Sudan's constitutional declaration was signed in Khartoum August 4, 2019. (Photo: REUTERS/Mohamed Nureldin Abdallah)

Sudan’s military rulers seem intent on holding elections in July 2023. But their commitment to hold an election should not be mistaken for a willingness to let go of power.

Since seizing power on October 25 last year, Sudan’s military leaders have professed their commitment to holding “free and fair” national elections in July 2023 and possibly even earlier. If Sudan holds elections in 2023, they will be the country’s first since the ousting of Omar Bashir. For these elections to be free and fair, Sudan needs independent electoral bodies and reform of the 2008 Election Law enacted by the Islamists. While language such as “free and fair” serve diplomatic purposes well, the current framework does not encourage electoral integrity[i], which to experts is pivotal for widely accepted and credible elections. Not only are Sudan’s generals unlikely to adopt measures that will guarantee for the citizens’ electoral rights. They are unlikely to adopt any measures meeting these obligations, which includes establishing an independent electoral management body to oversee elections.

For these elections to be free and fair, Sudan needs independent electoral bodies and reform of the 2008 Election Law enacted by the Islamists.

While protests against the military coup continue alongside a popular demand to not negotiate, a transition to democracy elections may seem distant as military leaders are strengthening their grip. Nonetheless, elections can be instrumental in breaking from Sudan’s authoritarian past, but only if electoral processes are accepted as credible by all contenders, including the general public and civilian political actors. However, the military is currently in total control of these processes, something which they will obviously use to fulfil their own political aspirations. They can appoint their own representatives to the electoral management bodies whose role it is to oversee that the elections are indeed ‘free and fair’. On top of this, Sudan’s electoral system is rigged in a way that makes sure allies of the Bashir regime win. Additionally, this  electoral system is not equipped to handle ethnic diversity and minority inclusion. If elections are held in July 2023, there is a real chance Sudan’s first post-Bashir elections will potentially trigger violence, similar to the events in South Kordofan state following disputed elections in 2011. There is also a risk that the election result will give the military a highly questionable aura of legitimacy

Who runs the elections
Electoral management bodies (EMBs) - the authorities who manage electoral processes - are key institutions for democracy building. The type of electoral management body is as important, if not more, than the choice of electoral system because there is a direct link between the quality of election administration and democratic consolidation. If the public doesn’t perceive the election administration as independent, they will not consider the elections to be credible.

Without a credible EMB, elections will rarely, if ever, be accepted by the public and national political actors. Independent EMBs are the most common model worldwide, particularly in countries transitioning to democracy. Independent EMBs are institutionally autonomous from the executive. Its members are not drawn from political parties, government or parliament; instead, they are widely respected figures, including civil society members, known for their integrity and political nonalignment. The failure to establish an independent electoral commission in several African states has been attributed as a reason for setbacks in transitions to democracy.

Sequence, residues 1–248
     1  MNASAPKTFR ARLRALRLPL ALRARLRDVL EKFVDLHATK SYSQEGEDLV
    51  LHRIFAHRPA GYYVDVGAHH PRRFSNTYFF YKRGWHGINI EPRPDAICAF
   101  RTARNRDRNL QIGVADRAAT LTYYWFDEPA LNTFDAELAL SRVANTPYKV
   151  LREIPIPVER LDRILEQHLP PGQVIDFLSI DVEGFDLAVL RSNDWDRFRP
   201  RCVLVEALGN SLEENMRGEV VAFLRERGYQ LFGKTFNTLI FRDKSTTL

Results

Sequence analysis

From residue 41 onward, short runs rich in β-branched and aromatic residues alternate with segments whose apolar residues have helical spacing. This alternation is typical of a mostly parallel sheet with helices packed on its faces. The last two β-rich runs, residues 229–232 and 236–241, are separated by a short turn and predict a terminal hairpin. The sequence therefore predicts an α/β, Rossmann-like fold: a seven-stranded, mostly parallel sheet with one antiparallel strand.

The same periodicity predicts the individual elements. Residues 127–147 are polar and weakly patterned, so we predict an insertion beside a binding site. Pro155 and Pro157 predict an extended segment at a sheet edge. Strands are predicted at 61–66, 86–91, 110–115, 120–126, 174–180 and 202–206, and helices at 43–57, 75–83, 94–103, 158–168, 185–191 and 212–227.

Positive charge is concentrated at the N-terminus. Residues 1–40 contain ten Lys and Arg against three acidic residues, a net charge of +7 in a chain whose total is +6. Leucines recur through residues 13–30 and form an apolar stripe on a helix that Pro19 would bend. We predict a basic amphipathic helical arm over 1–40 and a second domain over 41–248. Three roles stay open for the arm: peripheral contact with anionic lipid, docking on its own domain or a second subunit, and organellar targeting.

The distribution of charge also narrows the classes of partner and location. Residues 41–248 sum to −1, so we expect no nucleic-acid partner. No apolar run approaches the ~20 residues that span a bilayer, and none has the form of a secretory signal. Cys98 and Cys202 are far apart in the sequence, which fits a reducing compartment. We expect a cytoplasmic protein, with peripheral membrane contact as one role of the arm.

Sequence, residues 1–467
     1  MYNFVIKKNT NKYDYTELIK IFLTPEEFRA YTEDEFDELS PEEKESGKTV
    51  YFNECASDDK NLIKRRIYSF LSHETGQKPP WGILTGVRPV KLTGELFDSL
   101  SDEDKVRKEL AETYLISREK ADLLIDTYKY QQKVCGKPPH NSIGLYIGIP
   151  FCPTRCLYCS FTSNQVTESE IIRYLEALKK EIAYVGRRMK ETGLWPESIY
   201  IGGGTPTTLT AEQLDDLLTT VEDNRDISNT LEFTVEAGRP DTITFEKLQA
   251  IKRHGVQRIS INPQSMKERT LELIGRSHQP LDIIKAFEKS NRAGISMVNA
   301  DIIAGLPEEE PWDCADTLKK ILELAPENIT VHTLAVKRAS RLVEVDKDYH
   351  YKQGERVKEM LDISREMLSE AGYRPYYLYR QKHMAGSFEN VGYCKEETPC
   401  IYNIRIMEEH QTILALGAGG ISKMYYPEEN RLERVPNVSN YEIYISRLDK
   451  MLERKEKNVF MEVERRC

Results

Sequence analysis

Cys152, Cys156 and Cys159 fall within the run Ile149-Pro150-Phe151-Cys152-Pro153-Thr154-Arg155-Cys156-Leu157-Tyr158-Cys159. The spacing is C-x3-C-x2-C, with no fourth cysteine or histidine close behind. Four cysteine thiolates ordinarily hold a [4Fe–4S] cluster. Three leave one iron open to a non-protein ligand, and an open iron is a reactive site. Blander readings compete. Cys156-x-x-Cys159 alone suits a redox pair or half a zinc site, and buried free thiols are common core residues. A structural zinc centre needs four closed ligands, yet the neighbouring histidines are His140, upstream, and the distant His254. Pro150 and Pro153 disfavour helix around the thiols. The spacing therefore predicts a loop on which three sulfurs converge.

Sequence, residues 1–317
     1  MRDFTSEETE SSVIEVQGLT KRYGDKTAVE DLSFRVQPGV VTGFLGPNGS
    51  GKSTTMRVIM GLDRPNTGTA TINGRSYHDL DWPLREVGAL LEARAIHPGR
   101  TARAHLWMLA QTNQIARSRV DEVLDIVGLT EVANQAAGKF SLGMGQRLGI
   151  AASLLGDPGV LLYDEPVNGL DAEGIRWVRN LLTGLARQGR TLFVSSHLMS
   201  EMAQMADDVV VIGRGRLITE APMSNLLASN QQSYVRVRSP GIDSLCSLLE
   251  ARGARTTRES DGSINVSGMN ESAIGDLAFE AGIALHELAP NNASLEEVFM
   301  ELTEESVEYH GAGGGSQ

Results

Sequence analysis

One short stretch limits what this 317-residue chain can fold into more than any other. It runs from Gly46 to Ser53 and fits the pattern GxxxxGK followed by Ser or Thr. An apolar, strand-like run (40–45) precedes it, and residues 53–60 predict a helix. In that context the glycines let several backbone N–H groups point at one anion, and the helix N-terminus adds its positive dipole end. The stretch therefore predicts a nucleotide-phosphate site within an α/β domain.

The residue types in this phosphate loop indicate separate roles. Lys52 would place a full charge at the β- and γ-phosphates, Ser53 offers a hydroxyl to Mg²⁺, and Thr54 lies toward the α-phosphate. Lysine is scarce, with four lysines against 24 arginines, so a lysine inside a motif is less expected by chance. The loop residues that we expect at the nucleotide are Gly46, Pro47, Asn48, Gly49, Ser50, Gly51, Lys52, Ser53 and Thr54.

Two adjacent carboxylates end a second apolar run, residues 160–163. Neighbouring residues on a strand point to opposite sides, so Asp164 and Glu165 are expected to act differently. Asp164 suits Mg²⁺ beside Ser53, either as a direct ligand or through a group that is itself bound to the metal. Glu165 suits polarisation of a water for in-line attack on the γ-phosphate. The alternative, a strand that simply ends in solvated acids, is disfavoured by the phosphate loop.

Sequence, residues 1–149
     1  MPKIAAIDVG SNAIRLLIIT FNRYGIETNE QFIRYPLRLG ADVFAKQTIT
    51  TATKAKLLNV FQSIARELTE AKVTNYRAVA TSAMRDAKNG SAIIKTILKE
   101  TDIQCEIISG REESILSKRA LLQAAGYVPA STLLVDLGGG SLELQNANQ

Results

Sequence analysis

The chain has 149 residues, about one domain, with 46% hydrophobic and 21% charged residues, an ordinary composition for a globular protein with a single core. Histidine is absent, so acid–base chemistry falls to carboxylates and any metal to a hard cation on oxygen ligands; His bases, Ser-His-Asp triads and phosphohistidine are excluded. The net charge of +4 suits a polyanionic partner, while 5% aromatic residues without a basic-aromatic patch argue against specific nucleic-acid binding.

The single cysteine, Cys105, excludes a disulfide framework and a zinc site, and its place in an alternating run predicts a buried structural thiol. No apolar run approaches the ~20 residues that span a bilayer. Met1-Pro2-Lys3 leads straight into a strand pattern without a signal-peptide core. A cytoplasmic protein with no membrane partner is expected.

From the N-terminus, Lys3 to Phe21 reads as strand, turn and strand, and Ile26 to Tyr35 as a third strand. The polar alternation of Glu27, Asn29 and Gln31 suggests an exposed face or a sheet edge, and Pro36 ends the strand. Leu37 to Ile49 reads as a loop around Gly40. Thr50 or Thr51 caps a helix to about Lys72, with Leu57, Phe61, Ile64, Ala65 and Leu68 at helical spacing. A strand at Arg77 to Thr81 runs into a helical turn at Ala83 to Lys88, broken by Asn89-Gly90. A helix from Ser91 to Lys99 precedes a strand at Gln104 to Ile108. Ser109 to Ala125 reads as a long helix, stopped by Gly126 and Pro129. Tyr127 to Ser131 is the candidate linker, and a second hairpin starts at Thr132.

Without a credible EMB, elections will rarely, if ever, be accepted by the public and national political actors.

Sudan is about to copy the mistakes made in other African states that have failed to secure an independent electoral commission. In practice, the current Constitutional Charter grants the military the authority to appoint the national election commission. Sudan’s generals clearly understand the importance of who runs elections: the defunct political agreement between former Prime Minister Abdalla Hamdok and army commander-in-chief General Abdel Fattah al-Burhan reiterated that the Sovereign Council would appoint the electoral commission. Given that Burhan, who also chairs the Sovereign Council, has been appointing Bashir-era officials for state posts since the coup, the military is likely to appoint its allies to oversee elections and potentially consolidate the generals’ political power.

Sudan is about to copy the mistakes made in other African states that have failed to secure an independent electoral commission.

If the transition gets back on track, it is important that international and domestic civilian actors insist on the establishment of independent EMBs. There is an opportunity for the international community to offer technical and capacity building support to Sudan’s civilian political actors to establish such independent bodies which are pivotal for fair and free   to take place. Establishing a permanent, independent EMB could greatly improve the credibility and legitimacy of Sudan’s upcoming elections. Many new democracies give EMBs constitutional status to limit sudden change by executive action. Besides the legal framework, an electoral commission requires field infrastructure and capacity – including trained staff – to adequately prepare and conduct elections. Sudan needs international electoral assistance to train staff and this should occur sooner rather than later. Without independent EMBs, civilian political actors are unlikely to gain substantial representation. Additionally, an election management authority appointed by the Sovereign Council will fail to foster legitimacy from Sudan’s biggest electorate - the youth vote. Without a trusted EMB, Sudan’s youth are likely to boycott elections.  But even if the election management is unacceptable to these actors, casting either a blank ballot or spoiled ballot is a better way of protesting than boycott. This increases the voter turnout and if these votes are more than those cast in favour of the military, then it sends a strong message.

Without a trusted EMB, Sudan’s youth are likely to boycott elections. 

A system rigged for the powerholders